A global shift to 100% renewables is within sight

A year ago I started campaigning for Manchester to commit to become 100% clean by 2050. A growing number of cities, regions and even countries were committing to such a transition and I hoped the new ‘Northern Powerhouse’ could be one of them. I still do…

To meet the internationally agreed climate goal to limit global warming to below 2°C, the science is clear: take carbon emissions to zero by roughly 2070 which means you need 100% clean energy by 2050.   

At the Climate Summit in New York last September, the task given by UN Secretary General Ban Ki-Moon was simple. Heads of States had to promise the delivery of a global action plan by 2015 and this needed to target a fully decarbonised energy sector based on 100% renewable energy by 2050. That means no new carbon put into the air by the way we power our lives. Homes, transport and businesses – everything needs to be powered by clean, renewable energy.

Is this possible? Yes. Remember we have 35 years to get there. Think of all the technology we have now that didn’t exist 35 years ago: computers, the internet, smartphones etc. We can create even more solutions that we haven’t even thought of yet.

The EU has said it will push for at least 27% of the EU’s energy to come from renewables by 2030, but that’s not enough. The G7 have said they will commit to ‘strive’ towards transformation of the energy sector by 2050, but this is too loose. We can do so much better than this when you look at the progress made already.

Since the Copenhagen climate summit 6 years ago…

In the last six years since that now infamous and disastrous Copenhagen climate summit there has been a huge amount of investment in renewable energy, spectacular growth in the amount of solar and wind generated power, with renewables now the world’s second largest source of electricity. The prospect of a renewably-powered future is now much more tangible.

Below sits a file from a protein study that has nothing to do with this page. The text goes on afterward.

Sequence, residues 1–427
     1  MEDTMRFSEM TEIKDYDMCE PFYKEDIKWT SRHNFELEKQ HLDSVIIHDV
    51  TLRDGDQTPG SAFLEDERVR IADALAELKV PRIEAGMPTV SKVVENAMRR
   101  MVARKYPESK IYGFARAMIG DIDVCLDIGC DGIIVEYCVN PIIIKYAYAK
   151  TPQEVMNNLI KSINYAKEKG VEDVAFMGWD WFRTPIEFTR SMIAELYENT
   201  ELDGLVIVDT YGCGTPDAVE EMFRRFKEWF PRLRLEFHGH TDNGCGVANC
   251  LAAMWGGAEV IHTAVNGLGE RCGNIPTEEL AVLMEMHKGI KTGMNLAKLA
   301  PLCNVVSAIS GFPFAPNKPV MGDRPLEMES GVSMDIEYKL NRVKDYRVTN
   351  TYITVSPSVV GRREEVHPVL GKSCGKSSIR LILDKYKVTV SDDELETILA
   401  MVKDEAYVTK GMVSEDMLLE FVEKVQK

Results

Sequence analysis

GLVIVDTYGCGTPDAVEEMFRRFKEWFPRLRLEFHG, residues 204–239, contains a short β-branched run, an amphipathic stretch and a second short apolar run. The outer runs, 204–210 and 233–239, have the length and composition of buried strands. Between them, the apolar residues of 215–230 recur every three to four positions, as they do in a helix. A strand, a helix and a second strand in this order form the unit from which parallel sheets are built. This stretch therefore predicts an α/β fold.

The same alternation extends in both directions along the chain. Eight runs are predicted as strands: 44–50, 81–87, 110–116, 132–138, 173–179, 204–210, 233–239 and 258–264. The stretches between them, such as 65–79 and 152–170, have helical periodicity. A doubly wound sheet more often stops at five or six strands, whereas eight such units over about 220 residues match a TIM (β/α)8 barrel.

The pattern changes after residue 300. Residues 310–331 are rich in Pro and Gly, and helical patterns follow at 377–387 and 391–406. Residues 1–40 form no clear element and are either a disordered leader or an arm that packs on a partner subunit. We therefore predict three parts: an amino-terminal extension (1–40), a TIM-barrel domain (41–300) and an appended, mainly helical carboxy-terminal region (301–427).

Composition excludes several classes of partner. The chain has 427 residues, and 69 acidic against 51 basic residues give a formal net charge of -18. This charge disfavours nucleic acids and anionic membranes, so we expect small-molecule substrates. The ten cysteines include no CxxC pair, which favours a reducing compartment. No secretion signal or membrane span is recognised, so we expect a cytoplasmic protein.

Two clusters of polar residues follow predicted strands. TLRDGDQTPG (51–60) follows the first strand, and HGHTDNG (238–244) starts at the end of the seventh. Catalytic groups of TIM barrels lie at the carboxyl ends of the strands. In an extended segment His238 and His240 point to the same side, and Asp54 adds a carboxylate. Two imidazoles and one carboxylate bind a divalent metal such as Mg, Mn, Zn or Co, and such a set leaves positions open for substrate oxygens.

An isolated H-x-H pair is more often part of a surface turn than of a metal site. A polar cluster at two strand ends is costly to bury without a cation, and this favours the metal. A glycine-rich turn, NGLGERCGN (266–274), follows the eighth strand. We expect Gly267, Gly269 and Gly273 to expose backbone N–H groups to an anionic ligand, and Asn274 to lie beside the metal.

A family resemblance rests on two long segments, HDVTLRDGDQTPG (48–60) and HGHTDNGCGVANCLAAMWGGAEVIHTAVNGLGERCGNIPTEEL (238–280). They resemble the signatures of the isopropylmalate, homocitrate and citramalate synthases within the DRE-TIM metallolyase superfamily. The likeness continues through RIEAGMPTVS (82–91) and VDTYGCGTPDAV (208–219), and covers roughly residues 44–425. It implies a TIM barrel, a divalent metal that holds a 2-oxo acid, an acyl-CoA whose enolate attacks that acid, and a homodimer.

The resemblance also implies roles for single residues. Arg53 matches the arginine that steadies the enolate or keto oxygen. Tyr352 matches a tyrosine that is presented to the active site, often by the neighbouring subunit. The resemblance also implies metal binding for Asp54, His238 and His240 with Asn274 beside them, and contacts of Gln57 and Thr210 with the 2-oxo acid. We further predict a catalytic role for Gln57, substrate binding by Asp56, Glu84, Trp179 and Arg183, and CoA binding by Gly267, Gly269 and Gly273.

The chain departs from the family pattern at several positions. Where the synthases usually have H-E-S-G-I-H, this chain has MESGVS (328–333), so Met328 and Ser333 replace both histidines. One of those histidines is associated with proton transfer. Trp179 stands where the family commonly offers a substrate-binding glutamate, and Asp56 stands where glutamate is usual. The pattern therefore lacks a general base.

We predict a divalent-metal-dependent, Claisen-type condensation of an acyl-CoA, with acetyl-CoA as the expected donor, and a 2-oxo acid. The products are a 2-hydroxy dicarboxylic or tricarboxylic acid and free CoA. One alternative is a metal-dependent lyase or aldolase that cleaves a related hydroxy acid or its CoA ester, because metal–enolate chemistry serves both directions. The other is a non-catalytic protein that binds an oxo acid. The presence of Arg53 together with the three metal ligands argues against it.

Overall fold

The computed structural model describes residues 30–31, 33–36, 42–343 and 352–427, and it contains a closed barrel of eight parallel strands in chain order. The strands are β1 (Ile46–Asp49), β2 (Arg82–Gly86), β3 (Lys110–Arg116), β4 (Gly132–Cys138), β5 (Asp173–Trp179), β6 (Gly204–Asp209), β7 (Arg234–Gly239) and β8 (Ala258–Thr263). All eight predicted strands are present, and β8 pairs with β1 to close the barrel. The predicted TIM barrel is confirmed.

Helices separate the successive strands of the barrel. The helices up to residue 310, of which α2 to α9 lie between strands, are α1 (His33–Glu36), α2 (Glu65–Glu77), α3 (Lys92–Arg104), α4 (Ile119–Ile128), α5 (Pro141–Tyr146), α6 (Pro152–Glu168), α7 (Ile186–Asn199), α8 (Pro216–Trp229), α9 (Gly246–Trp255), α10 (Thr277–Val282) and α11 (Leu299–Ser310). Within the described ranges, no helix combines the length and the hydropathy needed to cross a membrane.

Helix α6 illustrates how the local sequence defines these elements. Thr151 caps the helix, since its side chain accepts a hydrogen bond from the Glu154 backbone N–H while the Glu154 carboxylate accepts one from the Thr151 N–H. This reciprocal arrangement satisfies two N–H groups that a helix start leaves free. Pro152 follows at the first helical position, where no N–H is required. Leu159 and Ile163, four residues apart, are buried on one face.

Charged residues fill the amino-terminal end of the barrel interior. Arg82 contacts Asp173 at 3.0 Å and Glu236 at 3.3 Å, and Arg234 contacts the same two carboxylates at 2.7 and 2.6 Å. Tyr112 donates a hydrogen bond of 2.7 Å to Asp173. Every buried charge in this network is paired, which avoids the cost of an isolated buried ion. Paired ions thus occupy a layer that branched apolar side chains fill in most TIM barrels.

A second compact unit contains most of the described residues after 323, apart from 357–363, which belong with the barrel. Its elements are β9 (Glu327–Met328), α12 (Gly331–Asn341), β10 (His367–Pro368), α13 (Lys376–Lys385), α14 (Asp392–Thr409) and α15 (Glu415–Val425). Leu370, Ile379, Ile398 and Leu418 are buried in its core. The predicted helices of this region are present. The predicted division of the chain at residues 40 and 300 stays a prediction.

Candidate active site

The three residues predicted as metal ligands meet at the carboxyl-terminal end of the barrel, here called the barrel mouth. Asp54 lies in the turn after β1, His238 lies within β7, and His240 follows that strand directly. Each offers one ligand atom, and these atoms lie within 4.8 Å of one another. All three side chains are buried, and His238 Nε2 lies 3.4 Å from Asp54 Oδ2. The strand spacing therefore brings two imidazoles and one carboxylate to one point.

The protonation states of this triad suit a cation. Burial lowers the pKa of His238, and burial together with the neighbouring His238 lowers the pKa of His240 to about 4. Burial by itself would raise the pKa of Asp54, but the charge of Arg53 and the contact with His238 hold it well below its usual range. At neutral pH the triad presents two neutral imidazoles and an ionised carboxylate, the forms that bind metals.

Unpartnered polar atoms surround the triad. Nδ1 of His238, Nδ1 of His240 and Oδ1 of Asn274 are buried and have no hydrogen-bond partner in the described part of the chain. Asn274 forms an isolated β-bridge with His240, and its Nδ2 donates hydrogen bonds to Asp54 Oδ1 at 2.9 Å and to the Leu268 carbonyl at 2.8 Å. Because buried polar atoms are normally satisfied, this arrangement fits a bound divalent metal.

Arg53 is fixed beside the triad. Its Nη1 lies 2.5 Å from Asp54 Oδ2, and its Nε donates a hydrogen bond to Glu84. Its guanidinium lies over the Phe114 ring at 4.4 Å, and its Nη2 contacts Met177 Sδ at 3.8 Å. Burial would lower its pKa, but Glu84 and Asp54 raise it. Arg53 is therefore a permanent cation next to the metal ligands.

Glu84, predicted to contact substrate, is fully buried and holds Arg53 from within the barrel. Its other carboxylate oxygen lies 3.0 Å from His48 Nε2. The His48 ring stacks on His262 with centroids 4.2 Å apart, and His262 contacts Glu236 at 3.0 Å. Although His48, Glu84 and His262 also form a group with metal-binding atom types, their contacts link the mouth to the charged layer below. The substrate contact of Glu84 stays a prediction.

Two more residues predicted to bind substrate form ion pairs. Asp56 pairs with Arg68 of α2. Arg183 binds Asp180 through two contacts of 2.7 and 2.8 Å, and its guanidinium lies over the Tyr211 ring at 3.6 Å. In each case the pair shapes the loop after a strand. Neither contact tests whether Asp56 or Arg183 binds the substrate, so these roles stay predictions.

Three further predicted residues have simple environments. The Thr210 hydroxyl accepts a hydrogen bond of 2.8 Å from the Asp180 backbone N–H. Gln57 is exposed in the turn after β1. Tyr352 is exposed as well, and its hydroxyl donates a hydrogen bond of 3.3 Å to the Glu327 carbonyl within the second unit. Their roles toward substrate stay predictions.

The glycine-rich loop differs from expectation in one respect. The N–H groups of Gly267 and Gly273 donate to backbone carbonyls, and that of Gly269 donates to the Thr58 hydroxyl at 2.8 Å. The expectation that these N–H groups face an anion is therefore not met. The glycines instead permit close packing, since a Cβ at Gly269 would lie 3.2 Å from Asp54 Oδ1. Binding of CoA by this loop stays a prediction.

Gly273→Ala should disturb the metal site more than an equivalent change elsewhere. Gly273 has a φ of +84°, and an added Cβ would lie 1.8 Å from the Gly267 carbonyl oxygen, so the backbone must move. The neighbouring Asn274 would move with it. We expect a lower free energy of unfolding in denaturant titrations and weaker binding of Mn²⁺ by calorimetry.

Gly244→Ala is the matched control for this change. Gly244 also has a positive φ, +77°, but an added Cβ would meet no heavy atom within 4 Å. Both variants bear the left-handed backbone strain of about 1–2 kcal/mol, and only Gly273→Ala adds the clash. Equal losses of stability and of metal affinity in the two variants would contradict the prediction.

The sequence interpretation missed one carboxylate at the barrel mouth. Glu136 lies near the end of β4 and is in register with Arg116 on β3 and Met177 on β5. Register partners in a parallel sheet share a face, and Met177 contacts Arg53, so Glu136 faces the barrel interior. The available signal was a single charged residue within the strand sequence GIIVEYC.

In 2009, there was 1,223GW of renewable power capacity installed globally (including hydro and traditional biomass), according to REN21, a thinktank. By 2014 that had risen 28% to 1,560GW, equivalent to 780 average sized (2GW) coal power plants. That’s in just 6 years.

2013 was the first year that more renewable capacity was built than fossil and nuclear combined: 56% of the electricity generating capacity built in 2013 was renewable.

China increased the amount of renewable power it generated by more than three times as much as the rest of the world put together in 2014.

Investment in renewables grew significantly in the years following Copenhagen, according to figures from BNEF. $196Bn was invested in 2009. In 2013 it stood at $254Bn, a 30% increase.

The growth of wind and solar power has consistently outstripped projections from the influential International Energy Agency. Renewables have even grown faster than predicted by Greenpeace.

Wind Power

Global wind power capacity more than doubled between 2009 and 2014. By 2014 China had installed more than four times the wind generating power it had in 2009. India doubled its wind capacity in the same five years.

Solar Power

Global solar capacity saw even faster growth between 2009 and 2014 – growing by 91% in 2010 alone. In 2014 China had achieved a staggering 94-fold increase in solar capacity since 2009. Solar capacity grew 15-fold in the United States between 2009 and 2014, with a third of that installed in 2013/2014 alone.

And now?